Unbalanced defence budgets – what’s really wrong with European defence spending

Tuesday, 17. September 2013     0 comment(s)
Charly Salonius-Pasternak
Senior Research Fellow - The Global Security research programme

Beyond calls for “pooling and sharing” and “Smart Defense”, another concept should get more attention: the Personnel – Operations – Investment ratio.

The European Defence Agency (EDA) published its annual comparison of EU and US defence spending. Regardless of one’s perspective, it is bracing reading. For example, per capita the US spent €1610 on defense in 2011, while the EU spent €387. Differences in transatlantic perspectives about which side of the Atlantic has made better policy decisions is telling. Most American commentators think the EU mark is well below where it should be, and a fair number of EU politicians and citizens think the US mark is well higher than it needs to be. Left unsaid by many in Europe but not in the US is the fact that the US has underwritten European (military) security for more than a few generations; the inefficiency of Europe’s approach is acknowledged by all.

In an era of declining defence budgets, much has been made of the EU’s "Pooling and Sharing” and NATO’s "Smart Defense” concepts. However, more attention should be paid to how money is divided within a defence budget. A simple but useful tool for this is the Personnel – Operations – Investment ratio ratio, the idea of which is simple: the three major categories should be in rough balance. If they are not, problems are likely to emerge.

If investments into modern equipment and R&D are ignored, a military can easily find itself in the position of metaphorically seeking to stop tanks with a cavalry charge. A more modern example is ceding the dark hours of the day to the opposition, if investments in night vision and communications gear is ignored. If investments in personnel are ignored then particularly in all-volunteer forces (AVF) it will be difficult to recruit and retain the people that are needed for a relevant and functioning military. If operations are restricted, in this case actual military operations as well as exercises and training, then no amount of modern equipment can be used effectively or to its full potential.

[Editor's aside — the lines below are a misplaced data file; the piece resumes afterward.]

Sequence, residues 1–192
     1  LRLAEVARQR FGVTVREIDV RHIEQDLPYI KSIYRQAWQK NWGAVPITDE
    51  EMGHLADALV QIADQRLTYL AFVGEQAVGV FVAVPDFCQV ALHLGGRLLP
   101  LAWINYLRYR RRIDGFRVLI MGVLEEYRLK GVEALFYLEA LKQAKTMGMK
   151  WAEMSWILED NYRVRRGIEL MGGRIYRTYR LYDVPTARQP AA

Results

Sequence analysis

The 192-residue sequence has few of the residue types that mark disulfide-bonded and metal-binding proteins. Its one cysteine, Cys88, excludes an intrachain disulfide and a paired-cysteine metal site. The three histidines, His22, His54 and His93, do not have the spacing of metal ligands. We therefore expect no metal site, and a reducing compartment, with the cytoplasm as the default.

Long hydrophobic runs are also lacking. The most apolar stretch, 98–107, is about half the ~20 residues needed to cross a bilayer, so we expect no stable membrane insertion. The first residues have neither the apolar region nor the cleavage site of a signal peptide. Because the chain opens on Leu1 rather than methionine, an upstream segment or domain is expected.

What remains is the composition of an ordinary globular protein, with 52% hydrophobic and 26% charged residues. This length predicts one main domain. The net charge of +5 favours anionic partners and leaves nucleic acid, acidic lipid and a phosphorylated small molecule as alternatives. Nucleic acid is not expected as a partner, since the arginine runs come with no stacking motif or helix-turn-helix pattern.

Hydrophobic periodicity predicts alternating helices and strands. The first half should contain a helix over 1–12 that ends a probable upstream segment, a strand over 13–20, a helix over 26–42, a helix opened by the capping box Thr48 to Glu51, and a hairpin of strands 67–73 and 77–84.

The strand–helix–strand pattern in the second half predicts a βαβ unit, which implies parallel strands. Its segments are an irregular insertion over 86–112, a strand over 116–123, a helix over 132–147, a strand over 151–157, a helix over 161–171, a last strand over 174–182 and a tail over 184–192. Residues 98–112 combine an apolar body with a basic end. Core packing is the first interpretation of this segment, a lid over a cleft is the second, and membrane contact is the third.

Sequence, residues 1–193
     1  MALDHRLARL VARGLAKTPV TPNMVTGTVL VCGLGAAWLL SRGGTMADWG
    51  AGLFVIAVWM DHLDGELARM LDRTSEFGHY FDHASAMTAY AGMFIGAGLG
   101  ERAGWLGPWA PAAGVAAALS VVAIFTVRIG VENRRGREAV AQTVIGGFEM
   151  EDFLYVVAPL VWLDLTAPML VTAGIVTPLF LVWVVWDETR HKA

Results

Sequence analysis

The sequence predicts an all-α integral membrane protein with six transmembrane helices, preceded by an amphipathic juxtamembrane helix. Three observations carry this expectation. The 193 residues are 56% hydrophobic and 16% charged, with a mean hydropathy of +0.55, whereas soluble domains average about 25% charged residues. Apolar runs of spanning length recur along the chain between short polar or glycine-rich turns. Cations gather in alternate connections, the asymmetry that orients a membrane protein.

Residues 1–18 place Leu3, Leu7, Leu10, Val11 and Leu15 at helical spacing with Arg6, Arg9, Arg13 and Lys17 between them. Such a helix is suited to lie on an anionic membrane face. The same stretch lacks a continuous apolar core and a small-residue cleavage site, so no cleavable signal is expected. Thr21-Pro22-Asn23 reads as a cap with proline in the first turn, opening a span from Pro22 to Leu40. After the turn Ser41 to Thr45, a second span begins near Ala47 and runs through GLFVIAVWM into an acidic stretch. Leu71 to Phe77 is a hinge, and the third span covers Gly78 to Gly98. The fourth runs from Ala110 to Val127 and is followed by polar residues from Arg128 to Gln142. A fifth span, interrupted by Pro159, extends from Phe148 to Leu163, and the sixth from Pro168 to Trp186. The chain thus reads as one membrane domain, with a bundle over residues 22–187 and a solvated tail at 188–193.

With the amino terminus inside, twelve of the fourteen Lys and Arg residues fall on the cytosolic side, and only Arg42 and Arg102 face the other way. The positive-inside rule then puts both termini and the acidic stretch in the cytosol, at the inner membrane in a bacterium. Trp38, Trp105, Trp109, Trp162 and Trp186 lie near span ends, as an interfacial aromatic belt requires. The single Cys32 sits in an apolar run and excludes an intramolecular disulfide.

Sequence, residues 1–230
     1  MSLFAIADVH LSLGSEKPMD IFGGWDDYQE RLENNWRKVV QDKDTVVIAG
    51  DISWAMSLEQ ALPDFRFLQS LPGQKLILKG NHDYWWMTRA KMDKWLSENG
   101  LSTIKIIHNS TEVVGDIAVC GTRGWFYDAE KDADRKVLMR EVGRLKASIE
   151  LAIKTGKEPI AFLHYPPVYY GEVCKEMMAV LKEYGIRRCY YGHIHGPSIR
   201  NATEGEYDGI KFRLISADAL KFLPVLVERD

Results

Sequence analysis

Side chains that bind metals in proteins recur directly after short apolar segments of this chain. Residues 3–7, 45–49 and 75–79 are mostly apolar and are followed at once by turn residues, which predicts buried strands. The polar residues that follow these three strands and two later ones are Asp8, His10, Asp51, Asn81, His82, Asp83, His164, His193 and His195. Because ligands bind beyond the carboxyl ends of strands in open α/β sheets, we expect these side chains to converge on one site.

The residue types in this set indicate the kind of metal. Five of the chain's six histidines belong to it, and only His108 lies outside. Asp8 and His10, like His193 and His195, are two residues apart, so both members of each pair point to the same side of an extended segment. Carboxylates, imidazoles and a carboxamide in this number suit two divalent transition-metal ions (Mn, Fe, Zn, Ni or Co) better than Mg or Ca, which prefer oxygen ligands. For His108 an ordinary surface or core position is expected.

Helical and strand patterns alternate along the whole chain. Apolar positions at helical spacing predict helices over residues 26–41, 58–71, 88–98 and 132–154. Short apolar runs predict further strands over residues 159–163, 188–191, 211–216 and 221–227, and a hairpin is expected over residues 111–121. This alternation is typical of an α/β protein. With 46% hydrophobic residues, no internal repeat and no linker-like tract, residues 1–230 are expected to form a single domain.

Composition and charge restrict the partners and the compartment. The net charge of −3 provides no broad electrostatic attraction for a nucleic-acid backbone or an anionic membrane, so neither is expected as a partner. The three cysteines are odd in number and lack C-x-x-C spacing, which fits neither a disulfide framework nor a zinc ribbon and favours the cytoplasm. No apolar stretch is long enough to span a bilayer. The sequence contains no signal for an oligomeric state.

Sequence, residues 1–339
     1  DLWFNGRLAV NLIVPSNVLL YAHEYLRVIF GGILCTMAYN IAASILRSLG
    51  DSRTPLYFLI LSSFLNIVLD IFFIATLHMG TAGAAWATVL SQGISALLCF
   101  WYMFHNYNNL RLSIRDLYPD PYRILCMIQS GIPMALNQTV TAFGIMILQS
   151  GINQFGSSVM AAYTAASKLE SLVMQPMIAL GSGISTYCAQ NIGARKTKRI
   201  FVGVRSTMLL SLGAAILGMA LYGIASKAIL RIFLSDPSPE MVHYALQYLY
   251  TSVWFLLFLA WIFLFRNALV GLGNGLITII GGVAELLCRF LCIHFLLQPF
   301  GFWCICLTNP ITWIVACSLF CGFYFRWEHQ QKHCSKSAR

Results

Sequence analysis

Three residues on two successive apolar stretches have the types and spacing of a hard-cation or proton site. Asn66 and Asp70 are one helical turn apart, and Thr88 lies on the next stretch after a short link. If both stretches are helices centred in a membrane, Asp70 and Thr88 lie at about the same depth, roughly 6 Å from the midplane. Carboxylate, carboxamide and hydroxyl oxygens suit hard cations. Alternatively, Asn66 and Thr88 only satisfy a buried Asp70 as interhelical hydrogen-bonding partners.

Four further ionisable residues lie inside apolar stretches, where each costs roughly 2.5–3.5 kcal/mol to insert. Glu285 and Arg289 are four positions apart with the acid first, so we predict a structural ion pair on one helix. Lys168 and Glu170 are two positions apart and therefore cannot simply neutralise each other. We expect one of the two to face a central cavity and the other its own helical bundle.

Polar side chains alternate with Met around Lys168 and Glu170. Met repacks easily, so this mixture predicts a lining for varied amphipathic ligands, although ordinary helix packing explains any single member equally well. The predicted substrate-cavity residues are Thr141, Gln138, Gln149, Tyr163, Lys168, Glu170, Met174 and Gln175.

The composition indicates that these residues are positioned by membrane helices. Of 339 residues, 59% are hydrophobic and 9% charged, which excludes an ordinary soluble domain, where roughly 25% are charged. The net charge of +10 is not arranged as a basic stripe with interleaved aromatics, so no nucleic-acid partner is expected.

The Personnel – Operations – Investments ratio is also a gauge of the seriousness of a national defence strategy. In the case of politicians it provides a measure of how ready they are to make tough choices regarding national security; even in an age of reduced defence budgets there are different ways to use of the budget.

Based on the EDA report (and Finnish MoD and FDF documents) the ratios for EU, USA and Finland as are follows:

EU – 2.2:1:0.8 (Percentage used on Personnel – Operations –Investment being approximately: 54% - 25% - 21%)

USA – 1.1:1:0.9 (Percentage used on Personnel – Operations –Investment being approximately: 36% - 33% - 31%)

Finland – 0.75:1:0.5 (Percentage used on Personnel – Operations –Investment being approximately: 33% - 44% - 22%)

The POI-ratio is devastatingly bad for the EU as a whole, while masking some successes. For the US, the ratio is almost optimal – though it masks serious inefficiencies due to the large overall budget.

Finland is one of the successes masked in the EU averages. Despite cuts in the national defense budget Finland has retained a reasonable POI-ratio, but trend in the Finnish POI-ratio is of concern within the Finnish Defence Forces; as recently as 2009 it was almost 1:1:1. Still, the reasonable POI-ratio has allowed for theacquisition of advanced weapons systems such as Joint Air-to-Surface Standoff Missile (JASSM) and the Army Tactical Missile System (ATACMS), and the maintenance of a strong cadre of professional officers and NCOs; reservist refresher training has, however, been reduced to a minimum from 2012 through 2015.

While Finland’s situation is unique, there are a two approaches that Europe-wide defence cooperation could draw inspiration from:

1) Finland procures advanced and modern equipment, but eschews a constant market-driven push to purchase ‘bleeding edge’ technology.

2) The Finnish Defence Forces share a number of maritime capabilities and investments with other national actors, improving efficiency while impacting national defence positively --> Pooling and Sharing genuinely works on a national level, and for those within NATO it should also work internationally.

Both of these approaches are adaptable to pan- or regional European cooperation. One tool to ensure cooperation is delivering concrete benefits is to see if the POI ratio moves in a healthier direction.

Texts reflect the opinions of the individual authors

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